A Question about the Sabbath
(Mark 2.23-28; Luke 6.1-5)
1 One Sabbath, Jesus and his disciples were walking through some wheat fields. His disciples were hungry and began picking and eating grains of wheat. 2Some Pharisees noticed this and said to Jesus, “Why are your disciples picking grain on the Sabbath? They are not supposed to do this!”
3 Jesus answered:
You surely must have read what David did when he and his followers were hungry. 4 He went into the house of God, and then they ate the sacred loaves of bread that only priests are supposed to eat. 5 Haven't you read in the Law of Moses that the priests are allowed to work in the temple on the Sabbath? But no one says they are guilty of breaking the law of the Sabbath. 6I tell you there is something here greater than the temple. 7 Don't you know what the Scriptures mean when they say, “Instead of offering sacrifices to me, I want you to be merciful to others?” If you knew what this means, you would not condemn these innocent disciples of mine. 8So the Son of Man is Lord over the Sabbath.
A Man with a Paralyzed Hand
(Mark 3.1-6; Luke 6.6-11)
9Jesus left and went into one of their synagogues, 10where there was a man whose hand was paralyzed. Some Pharisees wanted to accuse Jesus of doing something wrong, so they asked him, “Is it right to heal someone on the Sabbath?”
11 Jesus answered, “If one of your sheep fell into a ditch on the Sabbath, wouldn't you lift it out? 12People are worth much more than sheep, and so it is right to do good on the Sabbath.” 13Then Jesus told the man, “Hold out your hand.” The man did, and it became as healthy as the other one.
14The Pharisees left and started making plans to kill Jesus.
I remember a story a former pastor of mine once told about a local department store prank. It seems that someone had broken into the store and, though they hadn’t stolen anything, had randomly gone throughout the store switching the price tags so that they no longer had any correlation between price and value. A generic baseball cap was priced at $999.99 while a luxury suit was priced at $4.99. His point was that we live in a world of misplaced value. That could certainly be said of the Pharisees in this passage.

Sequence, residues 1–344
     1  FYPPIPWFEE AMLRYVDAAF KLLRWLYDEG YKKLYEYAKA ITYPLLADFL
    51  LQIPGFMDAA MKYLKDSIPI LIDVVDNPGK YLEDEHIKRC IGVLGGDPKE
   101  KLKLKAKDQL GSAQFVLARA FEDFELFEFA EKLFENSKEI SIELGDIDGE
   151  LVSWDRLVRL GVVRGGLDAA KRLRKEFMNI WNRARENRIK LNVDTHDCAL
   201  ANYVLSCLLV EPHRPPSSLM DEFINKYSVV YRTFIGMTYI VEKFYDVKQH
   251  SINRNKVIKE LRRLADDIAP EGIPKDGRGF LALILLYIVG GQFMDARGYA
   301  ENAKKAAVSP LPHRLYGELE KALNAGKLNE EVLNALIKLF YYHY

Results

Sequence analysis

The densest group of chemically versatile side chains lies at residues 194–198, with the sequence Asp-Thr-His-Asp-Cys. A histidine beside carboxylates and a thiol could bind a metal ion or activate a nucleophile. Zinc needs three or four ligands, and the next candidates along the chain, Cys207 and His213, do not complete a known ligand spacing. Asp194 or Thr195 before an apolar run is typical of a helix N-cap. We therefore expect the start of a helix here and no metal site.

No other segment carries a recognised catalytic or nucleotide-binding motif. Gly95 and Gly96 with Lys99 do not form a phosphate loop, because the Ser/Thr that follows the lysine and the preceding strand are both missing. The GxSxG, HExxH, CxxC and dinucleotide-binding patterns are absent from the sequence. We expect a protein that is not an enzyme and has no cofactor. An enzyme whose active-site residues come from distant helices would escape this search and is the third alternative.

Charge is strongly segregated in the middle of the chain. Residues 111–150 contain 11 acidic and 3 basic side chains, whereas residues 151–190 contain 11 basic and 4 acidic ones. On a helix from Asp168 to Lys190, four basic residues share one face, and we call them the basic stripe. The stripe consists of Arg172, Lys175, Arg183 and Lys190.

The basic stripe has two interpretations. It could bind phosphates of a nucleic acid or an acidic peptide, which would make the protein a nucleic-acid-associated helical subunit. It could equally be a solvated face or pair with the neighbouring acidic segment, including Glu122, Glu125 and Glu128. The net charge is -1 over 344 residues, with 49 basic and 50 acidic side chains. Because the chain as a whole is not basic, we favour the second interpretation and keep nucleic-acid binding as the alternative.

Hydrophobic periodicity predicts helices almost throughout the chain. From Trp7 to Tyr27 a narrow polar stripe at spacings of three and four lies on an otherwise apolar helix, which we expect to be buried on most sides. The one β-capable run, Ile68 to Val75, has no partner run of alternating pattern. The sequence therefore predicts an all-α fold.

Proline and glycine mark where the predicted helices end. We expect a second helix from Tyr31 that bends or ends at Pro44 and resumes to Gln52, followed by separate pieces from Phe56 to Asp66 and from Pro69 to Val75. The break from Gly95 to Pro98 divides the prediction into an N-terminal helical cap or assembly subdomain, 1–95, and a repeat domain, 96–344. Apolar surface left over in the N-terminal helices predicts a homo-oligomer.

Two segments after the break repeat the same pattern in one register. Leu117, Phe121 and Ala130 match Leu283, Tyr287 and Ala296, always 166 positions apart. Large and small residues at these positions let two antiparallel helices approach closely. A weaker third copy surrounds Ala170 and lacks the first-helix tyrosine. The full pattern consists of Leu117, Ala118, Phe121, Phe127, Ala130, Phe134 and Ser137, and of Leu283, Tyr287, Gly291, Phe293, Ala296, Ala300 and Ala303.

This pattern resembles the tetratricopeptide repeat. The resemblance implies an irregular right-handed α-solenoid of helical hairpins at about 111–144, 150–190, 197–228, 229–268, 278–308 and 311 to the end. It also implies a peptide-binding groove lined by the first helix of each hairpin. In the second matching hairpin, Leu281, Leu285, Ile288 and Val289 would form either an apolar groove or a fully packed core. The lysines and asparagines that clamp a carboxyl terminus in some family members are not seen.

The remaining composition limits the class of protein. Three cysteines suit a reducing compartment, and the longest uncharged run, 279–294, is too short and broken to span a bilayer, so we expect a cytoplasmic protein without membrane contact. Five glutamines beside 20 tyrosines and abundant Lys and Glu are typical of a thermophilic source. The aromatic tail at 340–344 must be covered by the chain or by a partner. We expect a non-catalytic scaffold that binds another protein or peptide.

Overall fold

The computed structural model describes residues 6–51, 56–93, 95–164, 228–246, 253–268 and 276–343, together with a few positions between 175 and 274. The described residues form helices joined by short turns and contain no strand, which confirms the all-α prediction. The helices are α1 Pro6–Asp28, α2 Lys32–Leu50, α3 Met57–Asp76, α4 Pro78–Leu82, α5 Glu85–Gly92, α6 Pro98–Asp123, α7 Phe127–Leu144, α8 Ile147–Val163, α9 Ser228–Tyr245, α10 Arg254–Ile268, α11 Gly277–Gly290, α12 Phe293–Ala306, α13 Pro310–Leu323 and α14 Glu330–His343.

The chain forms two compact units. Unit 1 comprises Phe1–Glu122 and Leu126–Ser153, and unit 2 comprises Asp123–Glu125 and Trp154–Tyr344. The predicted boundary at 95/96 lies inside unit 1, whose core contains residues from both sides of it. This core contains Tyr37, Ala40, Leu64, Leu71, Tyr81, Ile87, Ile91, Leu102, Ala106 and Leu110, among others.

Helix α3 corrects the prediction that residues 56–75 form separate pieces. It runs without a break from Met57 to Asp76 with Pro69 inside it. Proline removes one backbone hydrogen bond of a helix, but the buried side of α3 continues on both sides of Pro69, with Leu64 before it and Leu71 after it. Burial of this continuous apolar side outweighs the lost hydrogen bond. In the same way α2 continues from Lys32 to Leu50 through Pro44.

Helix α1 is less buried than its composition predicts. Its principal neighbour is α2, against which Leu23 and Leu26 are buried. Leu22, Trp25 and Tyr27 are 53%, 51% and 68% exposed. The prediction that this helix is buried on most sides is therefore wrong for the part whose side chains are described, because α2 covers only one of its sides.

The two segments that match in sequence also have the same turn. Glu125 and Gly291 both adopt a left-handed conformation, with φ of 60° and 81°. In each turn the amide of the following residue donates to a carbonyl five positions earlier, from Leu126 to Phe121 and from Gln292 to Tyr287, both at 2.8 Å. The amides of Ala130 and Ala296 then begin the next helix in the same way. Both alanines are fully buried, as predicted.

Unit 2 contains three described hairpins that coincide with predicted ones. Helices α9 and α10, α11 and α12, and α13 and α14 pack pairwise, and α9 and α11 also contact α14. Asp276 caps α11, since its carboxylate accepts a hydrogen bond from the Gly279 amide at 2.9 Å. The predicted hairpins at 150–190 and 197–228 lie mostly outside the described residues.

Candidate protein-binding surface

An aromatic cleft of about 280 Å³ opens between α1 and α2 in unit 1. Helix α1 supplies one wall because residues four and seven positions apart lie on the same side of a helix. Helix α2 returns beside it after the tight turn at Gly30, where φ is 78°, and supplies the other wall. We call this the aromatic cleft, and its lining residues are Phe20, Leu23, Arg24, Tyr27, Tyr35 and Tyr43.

For the Jews of Jesus’ day there were three identity markers that helped them know who they were and what their place in the world was: Torah, Temple, and Sabbath. In this passage Jesus not only tramples on each of them, but reframes them in a way that shows that the Pharisees had lost the point. They were rightly concerned with showing themselves to be God’s people, yet their concerns about law keeping, Sabbath observances, and temple privilege had become distorted. This was not a new thing, the prophets indicated that it was an all too familiar problem.
Jesus said that God wanted his people to be concerned with mercy, love and compassion. Had the Pharisees understood God’s heart, they would have taken no offense at Jesus. But, how much do we resemble the Pharisees at this very point? Have we been consumed with rules while failing to be merciful, loving, or compassionate?
Gracious God, I invite your Spirit to open my eyes so that I may see ways in which I, like your children before me, exchange what is most important to you for what is most important to me. Give me the courage to display what is most important to you. Amen.